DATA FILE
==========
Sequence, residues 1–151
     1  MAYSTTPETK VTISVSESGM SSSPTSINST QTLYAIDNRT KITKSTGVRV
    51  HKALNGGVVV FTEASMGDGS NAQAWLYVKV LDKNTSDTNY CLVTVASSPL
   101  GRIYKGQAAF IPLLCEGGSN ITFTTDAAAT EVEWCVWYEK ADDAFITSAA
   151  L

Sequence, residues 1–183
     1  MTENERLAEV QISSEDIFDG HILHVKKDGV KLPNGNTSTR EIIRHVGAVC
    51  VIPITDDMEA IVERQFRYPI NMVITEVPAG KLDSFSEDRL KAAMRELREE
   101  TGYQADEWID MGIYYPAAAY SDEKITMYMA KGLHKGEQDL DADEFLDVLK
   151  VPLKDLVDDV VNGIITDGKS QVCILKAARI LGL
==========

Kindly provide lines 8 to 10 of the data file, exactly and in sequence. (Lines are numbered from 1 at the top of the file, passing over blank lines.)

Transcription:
    51  VIPITDDMEA IVERQFRYPI NMVITEVPAG KLDSFSEDRL KAAMRELREE
   101  TGYQADEWID MGIYYPAAAY SDEKITMYMA KGLHKGEQDL DADEFLDVLK
   151  VPLKDLVDDV VNGIITDGKS QVCILKAARI LGL